EMU: ECB Announcement


Thu Jan 25 06:45:00 CST 2018

Consensus Actual Previous
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Highlights
As widely anticipated, the ECB today announced no changes to either key interest rates or its QE programme. The benchmark refi rate stays at 0.00 percent while the rates on the deposit and marginal lending facilities remain at minus 0.40 percent and 0.25 percent respectively. Similarly, planned net QE asset purchases were left at E30 billion a month through at least September as outlined at last October's meeting.

Crucially too, there was no modification to the central bank's forward guidance which has the ECB expecting key official interest rates to remain at their present levels for an extended period of time, and well past the horizon of the net asset purchases. The monetary authority also restated its preparedness to increase the asset purchase programme (APP) in terms of size and/or duration should the economy underperform. This will disappoint the Council's hawks and market participants hoping for a less accommodative message in respect of the accelerating upswing in the Eurozone real economy.

There was little new of note in ECB Chief Draghi's press conference although, not surprisingly, he did touch on recent exchange rate volatility which he said needs monitoring. Economic risks are still seen as broadly balanced.

In sum, the message from the January meeting was essentially identical to that from December's gathering. The next scheduled policy announcement is on 8th March and core inflation will probably need to be, perhaps significantly, higher if it is not to yield exactly the same result as today.

Definition
The European Central Bank (ECB) sets monetary policy for all members of the Eurozone. The highest decision-making body is the Governing Council which comprises the six members of the Executive Board and the nineteen presidents of member central banks. Policy meetings take place roughly every six weeks but, due to the sheer number of participants, a rotation system has been introduced so that the total number of votes is capped at twenty-one. The benchmark interest rate is the rate on the main refinancing operations (refi rate) which sits between the marginal lending facility rate and deposit rate. The ECB's primary objective is price stability, which is based upon a near-2 percent target for the annual inflation rate.

Description
The European Central Bank determines interest rate policy at their Governing Council meetings. The Council is composed of the six members of the Executive Council and 17 presidents of member central banks (Bank of France, Bundesbank, etc). The Governing Council meets now meets every six weeks. The European Central Bank has an established inflation ceiling of just less than 2 percent. The ECB's measure of inflation is the harmonized index of consumer prices (HICP). Each member of the Governing Council has one vote and decisions are reached by simple majority. In the event of a tie, the President has the casting vote. No minutes are released so how individual members voted is not known.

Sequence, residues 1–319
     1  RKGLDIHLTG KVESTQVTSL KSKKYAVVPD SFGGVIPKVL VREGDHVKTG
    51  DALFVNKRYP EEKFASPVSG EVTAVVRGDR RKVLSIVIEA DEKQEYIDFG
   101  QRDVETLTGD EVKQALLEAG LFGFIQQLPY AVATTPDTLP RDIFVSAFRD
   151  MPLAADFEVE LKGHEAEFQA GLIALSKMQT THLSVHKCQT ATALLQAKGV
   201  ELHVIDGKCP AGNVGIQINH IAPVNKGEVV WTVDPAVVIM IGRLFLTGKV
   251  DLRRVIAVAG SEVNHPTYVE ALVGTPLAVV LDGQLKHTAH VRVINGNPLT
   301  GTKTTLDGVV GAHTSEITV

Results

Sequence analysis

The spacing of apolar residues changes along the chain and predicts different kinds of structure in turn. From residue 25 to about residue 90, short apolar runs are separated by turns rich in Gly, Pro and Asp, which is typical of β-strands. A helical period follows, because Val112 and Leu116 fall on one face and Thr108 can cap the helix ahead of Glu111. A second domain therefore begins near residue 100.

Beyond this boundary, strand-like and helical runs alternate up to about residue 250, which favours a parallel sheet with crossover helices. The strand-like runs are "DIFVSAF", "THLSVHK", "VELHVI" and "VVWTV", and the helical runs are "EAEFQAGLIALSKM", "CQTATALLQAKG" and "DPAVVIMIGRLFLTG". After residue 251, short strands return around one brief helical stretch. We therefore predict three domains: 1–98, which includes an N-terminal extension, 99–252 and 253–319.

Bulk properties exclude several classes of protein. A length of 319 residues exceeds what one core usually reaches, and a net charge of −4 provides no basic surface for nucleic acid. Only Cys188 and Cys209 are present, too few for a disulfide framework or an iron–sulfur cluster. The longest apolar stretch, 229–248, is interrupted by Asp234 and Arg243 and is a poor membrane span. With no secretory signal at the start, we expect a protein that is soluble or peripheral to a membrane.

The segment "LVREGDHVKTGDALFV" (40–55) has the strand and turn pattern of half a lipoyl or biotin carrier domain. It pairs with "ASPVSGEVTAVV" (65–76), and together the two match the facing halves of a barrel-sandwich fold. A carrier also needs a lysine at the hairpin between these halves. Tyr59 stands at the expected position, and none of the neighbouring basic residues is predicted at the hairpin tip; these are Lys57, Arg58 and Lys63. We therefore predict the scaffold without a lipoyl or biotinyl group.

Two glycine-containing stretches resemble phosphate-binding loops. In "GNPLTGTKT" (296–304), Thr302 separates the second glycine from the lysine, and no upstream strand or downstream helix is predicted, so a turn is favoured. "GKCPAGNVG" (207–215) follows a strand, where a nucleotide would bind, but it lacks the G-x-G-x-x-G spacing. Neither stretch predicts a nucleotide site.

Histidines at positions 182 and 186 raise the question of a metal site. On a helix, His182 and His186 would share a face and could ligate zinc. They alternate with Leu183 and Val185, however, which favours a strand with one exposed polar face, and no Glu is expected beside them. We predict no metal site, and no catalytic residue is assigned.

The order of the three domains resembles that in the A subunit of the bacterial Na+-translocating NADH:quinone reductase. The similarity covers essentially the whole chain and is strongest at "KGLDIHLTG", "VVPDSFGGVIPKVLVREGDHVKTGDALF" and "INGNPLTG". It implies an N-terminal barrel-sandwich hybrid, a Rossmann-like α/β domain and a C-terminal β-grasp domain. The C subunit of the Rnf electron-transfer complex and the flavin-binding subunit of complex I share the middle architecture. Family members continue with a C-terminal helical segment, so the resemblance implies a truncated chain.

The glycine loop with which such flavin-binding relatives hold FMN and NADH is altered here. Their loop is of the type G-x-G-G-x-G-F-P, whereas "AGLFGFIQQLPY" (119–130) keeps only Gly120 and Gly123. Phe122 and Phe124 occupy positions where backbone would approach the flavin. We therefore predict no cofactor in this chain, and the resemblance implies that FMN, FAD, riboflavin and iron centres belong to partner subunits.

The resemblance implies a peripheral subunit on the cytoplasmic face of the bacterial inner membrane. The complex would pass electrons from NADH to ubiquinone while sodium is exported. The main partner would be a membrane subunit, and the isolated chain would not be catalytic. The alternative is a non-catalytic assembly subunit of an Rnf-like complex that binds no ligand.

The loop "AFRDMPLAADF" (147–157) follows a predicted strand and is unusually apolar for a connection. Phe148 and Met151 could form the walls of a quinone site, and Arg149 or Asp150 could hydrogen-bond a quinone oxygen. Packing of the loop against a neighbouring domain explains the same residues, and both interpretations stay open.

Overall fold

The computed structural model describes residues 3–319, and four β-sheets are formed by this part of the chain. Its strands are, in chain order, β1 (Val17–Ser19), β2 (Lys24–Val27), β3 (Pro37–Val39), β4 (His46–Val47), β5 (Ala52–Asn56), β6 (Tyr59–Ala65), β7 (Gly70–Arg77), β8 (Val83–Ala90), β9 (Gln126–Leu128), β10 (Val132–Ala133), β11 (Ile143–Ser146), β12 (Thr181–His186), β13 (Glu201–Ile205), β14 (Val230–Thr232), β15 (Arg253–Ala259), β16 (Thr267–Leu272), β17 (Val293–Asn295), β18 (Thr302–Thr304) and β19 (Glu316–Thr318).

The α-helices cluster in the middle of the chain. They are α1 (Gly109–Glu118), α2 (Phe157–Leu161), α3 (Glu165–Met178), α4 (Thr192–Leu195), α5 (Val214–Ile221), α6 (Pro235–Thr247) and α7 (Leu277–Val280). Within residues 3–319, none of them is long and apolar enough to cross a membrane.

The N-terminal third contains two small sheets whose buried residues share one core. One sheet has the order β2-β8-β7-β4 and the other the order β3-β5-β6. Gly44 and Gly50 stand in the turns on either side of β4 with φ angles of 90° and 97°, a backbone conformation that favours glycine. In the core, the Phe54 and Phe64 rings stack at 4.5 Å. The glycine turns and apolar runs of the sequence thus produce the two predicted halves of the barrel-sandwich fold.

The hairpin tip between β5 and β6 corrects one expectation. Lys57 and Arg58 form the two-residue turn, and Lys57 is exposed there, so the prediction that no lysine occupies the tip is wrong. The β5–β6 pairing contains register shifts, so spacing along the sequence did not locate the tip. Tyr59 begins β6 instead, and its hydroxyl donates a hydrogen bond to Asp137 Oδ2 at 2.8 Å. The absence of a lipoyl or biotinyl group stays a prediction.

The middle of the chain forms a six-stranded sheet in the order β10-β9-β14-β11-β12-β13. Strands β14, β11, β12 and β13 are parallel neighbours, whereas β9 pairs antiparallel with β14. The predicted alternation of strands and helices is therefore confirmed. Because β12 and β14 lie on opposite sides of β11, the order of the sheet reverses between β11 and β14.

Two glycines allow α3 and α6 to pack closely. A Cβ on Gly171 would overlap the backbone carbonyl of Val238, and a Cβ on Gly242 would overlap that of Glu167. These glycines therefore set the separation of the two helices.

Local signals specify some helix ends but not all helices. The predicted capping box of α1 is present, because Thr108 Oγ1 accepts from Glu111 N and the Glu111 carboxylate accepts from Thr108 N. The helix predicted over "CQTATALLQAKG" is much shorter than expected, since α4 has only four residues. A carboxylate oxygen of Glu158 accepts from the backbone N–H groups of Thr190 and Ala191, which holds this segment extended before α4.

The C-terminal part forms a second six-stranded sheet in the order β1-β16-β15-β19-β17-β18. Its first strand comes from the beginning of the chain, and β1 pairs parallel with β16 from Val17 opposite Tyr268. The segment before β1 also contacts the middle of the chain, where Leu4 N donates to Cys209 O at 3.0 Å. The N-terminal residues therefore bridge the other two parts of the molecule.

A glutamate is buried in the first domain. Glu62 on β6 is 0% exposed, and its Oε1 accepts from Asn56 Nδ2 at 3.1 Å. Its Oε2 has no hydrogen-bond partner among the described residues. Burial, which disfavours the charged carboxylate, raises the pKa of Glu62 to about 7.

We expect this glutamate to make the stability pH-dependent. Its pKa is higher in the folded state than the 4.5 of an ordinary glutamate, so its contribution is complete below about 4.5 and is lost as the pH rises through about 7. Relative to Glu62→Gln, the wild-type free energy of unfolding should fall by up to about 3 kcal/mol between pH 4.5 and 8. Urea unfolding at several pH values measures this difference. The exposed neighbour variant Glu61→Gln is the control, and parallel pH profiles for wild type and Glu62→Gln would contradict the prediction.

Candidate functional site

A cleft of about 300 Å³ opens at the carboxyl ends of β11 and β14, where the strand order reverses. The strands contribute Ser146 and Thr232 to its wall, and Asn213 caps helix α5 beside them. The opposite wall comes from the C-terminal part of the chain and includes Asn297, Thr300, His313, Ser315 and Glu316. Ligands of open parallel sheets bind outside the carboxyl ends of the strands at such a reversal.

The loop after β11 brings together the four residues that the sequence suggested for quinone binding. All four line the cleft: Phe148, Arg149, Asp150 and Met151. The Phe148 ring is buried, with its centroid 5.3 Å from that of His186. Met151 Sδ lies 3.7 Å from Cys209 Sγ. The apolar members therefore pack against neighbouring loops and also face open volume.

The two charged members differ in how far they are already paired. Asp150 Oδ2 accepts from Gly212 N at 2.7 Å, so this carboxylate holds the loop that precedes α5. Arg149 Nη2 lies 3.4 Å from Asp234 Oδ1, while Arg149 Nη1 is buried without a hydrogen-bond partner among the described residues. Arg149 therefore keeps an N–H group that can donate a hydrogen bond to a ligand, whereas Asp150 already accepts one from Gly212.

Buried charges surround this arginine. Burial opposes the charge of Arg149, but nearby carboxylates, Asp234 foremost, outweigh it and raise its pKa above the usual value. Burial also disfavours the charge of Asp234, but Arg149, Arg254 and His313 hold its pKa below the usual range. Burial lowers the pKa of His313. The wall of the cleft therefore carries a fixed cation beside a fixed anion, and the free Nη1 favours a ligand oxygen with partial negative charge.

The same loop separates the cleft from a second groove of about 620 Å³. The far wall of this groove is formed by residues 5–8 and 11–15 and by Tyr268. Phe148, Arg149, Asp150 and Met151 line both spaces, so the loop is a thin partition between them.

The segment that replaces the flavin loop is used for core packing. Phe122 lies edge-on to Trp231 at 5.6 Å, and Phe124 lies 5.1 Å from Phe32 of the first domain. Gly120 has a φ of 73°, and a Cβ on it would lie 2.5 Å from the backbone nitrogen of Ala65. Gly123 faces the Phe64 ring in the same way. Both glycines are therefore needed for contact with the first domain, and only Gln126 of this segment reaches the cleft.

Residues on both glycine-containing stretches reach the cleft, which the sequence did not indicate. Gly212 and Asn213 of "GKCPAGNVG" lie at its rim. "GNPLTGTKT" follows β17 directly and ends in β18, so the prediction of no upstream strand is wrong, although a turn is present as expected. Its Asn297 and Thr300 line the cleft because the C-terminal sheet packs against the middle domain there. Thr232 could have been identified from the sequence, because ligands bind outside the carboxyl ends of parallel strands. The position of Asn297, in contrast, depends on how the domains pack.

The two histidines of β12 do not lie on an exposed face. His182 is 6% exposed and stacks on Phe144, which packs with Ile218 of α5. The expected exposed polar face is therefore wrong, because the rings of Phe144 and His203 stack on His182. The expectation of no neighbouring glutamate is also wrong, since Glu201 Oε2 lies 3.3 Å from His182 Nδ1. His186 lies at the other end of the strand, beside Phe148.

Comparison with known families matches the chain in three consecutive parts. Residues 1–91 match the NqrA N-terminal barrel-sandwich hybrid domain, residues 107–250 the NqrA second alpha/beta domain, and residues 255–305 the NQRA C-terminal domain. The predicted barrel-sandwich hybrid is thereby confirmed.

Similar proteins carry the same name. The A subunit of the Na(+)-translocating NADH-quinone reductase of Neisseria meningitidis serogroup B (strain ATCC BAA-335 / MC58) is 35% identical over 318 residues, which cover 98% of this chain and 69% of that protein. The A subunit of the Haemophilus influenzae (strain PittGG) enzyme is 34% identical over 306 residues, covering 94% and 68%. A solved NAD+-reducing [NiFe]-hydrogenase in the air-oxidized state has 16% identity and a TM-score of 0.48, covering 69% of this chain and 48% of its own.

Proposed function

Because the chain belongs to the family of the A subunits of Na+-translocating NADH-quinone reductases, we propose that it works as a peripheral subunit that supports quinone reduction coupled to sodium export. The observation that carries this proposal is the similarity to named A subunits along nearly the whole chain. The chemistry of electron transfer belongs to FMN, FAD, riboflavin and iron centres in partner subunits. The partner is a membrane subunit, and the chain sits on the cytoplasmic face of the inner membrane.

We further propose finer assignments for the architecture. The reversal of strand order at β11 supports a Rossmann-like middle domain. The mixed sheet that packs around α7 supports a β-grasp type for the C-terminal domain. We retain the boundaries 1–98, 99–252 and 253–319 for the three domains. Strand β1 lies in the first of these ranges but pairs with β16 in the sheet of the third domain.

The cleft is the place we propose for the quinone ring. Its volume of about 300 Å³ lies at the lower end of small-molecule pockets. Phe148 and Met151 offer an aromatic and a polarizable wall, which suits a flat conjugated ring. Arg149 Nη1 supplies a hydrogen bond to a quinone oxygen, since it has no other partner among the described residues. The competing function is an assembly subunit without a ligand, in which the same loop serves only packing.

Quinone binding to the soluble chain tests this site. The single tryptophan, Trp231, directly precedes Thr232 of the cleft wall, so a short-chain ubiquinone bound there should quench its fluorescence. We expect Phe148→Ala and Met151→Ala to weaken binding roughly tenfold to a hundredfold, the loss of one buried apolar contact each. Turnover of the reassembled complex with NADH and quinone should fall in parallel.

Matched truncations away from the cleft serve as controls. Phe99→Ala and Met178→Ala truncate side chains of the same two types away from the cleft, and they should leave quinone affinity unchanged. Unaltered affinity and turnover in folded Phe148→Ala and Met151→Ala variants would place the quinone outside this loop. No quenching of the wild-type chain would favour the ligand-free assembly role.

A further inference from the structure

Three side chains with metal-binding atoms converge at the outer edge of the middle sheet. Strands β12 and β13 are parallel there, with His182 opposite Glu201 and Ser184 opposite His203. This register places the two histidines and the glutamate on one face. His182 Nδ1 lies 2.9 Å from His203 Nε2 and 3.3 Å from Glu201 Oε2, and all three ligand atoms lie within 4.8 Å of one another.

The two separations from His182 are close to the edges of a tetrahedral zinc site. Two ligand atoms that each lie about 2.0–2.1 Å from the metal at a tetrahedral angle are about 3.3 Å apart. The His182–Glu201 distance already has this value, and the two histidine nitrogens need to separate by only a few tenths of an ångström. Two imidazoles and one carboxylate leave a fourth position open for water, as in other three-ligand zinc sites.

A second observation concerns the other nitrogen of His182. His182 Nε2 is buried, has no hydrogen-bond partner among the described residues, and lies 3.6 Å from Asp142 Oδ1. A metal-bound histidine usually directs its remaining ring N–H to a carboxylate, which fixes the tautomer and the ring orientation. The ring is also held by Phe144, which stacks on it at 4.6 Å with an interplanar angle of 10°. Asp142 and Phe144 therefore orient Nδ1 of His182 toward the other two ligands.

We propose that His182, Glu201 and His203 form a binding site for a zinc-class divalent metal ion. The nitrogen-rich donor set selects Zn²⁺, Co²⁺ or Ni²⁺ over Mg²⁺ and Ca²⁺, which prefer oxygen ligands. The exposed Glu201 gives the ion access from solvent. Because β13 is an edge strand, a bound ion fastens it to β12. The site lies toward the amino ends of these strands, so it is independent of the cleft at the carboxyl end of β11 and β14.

As in the United States, European market participants speculate about the possibility of an interest rate change at these meetings. If the outcome is different from expectations, the impact on European markets can be dramatic and far-reaching. The rate set by the ECB serves as a benchmark for all other interest rates in the Eurozone.

The level of interest rates affects the economy. Higher interest rates tend to slow economic activity; lower interest rates stimulate economic activity. Either way, interest rates influence the sales environment. In the consumer sector, few homes or cars will be purchased when interest rates rise. Furthermore, interest rate costs are a significant factor for many businesses, particularly for companies with high debt loads or who have to finance high inventory levels. This interest cost has a direct impact on corporate profits. The bottom line is that higher interest rates are bearish for the stock market, while lower interest rates are bullish.